does cold weather affect gas mileage? - Page 2 - Fuelly Forums

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Old 03-04-2014, 11:50 PM   #11
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Could use a partial grill block so the engine warms up quicker?
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Old 03-05-2014, 05:36 AM   #12
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Originally Posted by Charon View Post
Leaving the heater blower off until the engine warms does help the engine warm more quickly. In truly cold weather there is a hazard involved in leaving that motor off. If the defroster is turned on after the engine warms, the blast of hot air hitting the cold windshield has been known to crack the glass. Decades ago Americans stationed in Alaska were told to turn the defroster on as soon as they started the car, to avoid that very problem.
I cracked a windshield on a 1997 Pontiac kinda like that. I didn't wait until it was warmed up, I started it with the engine cold and fan on high then went back into the warm house until I could see that the ice on the windows was starting to melt. As soon as I touched it with the scraper it cracked.
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Old 03-05-2014, 07:14 AM   #13
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When cold enough that cracking the glass is a concern, I warm the cabin up by the dash vents first, or have the defroster on low fan and heat when the windshield is fogged up.
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Old 03-05-2014, 10:50 AM   #14
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Thanks, I will keep my fan on lowest speed till the car warms up


Quote:
Originally Posted by Charon View Post
Leaving the heater blower off until the engine warms does help the engine warm more quickly. In truly cold weather there is a hazard involved in leaving that motor off. If the defroster is turned on after the engine warms, the blast of hot air hitting the cold windshield has been known to crack the glass. Decades ago Americans stationed in Alaska were told to turn the defroster on as soon as they started the car, to avoid that very problem.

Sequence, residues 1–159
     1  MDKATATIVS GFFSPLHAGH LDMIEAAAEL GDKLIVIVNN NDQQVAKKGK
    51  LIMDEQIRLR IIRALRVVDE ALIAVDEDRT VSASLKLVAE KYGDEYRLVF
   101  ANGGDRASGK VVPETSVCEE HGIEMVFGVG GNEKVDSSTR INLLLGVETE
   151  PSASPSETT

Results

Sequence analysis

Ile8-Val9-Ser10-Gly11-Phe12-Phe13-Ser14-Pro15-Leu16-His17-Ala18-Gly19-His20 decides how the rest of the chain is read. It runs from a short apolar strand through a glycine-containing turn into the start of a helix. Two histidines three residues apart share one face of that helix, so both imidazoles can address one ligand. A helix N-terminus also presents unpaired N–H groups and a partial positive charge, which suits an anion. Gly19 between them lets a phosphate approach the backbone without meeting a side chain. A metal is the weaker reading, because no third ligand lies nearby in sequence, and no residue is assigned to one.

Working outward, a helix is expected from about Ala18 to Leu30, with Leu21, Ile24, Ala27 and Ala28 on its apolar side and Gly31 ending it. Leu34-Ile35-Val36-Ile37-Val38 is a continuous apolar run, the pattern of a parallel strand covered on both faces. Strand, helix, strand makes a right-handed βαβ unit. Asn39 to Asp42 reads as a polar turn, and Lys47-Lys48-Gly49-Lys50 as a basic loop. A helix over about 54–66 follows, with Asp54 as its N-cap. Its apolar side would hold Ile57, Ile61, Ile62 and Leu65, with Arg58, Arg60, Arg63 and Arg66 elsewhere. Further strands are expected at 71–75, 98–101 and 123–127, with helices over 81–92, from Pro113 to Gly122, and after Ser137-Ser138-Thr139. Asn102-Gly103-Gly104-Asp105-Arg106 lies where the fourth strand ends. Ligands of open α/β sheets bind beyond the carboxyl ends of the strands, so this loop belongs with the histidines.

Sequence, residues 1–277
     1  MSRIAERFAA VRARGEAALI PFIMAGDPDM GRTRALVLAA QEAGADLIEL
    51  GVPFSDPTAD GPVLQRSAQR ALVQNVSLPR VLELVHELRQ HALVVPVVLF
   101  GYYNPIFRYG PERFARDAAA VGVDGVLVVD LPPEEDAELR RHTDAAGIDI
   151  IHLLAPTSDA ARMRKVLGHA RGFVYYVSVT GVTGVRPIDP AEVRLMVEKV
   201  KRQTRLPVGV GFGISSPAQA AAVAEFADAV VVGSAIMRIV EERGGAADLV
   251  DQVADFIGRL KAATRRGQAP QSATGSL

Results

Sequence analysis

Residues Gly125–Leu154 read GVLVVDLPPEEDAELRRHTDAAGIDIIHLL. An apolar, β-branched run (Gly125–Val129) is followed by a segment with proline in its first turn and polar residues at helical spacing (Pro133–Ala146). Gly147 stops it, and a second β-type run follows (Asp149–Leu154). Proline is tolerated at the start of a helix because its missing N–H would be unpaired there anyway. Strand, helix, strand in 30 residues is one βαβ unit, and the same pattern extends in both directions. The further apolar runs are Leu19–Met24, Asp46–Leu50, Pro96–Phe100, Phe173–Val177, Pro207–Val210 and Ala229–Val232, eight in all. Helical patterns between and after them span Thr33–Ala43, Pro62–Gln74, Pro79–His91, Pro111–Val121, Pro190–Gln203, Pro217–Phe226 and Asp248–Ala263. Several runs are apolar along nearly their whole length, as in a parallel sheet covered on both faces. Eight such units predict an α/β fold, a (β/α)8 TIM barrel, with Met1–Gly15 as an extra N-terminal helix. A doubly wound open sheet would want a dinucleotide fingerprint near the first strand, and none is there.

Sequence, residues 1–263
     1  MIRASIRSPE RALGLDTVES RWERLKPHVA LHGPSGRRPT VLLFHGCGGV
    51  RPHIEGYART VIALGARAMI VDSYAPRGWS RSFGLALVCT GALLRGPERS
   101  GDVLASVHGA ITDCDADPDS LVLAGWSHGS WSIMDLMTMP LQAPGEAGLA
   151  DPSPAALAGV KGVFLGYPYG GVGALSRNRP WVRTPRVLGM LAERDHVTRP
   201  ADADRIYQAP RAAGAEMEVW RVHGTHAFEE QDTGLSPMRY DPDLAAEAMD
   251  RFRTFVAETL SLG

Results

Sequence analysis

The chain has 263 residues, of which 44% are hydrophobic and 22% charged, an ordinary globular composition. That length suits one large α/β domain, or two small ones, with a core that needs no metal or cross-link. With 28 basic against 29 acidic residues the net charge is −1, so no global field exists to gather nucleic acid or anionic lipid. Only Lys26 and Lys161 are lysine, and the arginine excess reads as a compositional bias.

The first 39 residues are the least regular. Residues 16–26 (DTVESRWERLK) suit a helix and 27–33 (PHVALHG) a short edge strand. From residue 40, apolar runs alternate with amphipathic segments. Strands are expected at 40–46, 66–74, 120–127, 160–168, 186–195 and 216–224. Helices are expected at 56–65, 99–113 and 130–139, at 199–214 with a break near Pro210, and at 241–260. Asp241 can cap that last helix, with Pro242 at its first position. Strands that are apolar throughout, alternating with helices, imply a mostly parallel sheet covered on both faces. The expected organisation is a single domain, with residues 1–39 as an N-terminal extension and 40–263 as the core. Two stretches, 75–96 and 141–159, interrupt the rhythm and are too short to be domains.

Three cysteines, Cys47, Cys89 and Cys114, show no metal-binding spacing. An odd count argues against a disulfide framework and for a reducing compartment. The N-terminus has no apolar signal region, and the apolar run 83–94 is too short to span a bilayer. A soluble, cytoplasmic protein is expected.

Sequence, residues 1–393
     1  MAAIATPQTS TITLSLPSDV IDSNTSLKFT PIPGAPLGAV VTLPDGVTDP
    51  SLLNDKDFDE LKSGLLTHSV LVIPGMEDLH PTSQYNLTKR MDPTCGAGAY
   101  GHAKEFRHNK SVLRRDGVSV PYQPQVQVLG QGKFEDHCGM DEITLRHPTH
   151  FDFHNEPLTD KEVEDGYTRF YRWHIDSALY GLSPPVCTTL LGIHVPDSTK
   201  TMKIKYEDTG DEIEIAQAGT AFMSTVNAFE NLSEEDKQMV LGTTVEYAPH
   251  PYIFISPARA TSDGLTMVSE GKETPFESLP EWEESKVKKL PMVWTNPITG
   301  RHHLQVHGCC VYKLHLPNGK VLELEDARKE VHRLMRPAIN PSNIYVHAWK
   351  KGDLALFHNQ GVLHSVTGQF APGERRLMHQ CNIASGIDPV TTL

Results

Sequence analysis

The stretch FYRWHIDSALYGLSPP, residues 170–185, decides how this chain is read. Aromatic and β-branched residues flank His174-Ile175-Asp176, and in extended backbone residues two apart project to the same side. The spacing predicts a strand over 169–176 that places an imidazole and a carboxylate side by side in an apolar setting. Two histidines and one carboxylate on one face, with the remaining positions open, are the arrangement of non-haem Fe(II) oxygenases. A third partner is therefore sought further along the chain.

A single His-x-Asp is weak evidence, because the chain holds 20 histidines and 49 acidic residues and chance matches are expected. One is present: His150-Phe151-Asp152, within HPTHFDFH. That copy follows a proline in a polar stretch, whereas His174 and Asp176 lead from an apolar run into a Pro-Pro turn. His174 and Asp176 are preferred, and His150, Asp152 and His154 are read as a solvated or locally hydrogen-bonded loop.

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Old 03-06-2014, 04:23 AM   #15
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Originally Posted by Jay2TheRescue View Post
cold air is denser requiring more fuel
Not to be a nit-picker, but it's the other way 'round- the same amount of fuel requires less air. So density doesn't have an effect. (But yes, many other factors do affect gas mileage in cold weather!)

Don't forget that many states require "winter blend". Here in Massachusetts, starting on September 15th I can predict about a 5% drop in MPG, all in the name of "emissions".
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Old 03-06-2014, 06:01 AM   #16
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Originally Posted by bobc455 View Post
Not to be a nit-picker, but it's the other way 'round- the same amount of fuel requires less air. So density doesn't have an effect. (But yes, many other factors do affect gas mileage in cold weather!)

Don't forget that many states require "winter blend". Here in Massachusetts, starting on September 15th I can predict about a 5% drop in MPG, all in the name of "emissions".
I thought Jay was commenting on how cold, dense air takes more energy to push out of the way. In other words, increased drag.
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Old 03-06-2014, 06:15 AM   #17
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Originally Posted by bobc455 View Post
Not to be a nit-picker, but it's the other way 'round- the same amount of fuel requires less air. So density doesn't have an effect.
I'd say you're both wrong. Since modern cars mostly measure air by mass, it would be most accurate to say that it's the same mass of fuel and the same mass of air. (Granted, that air's volume is less.)
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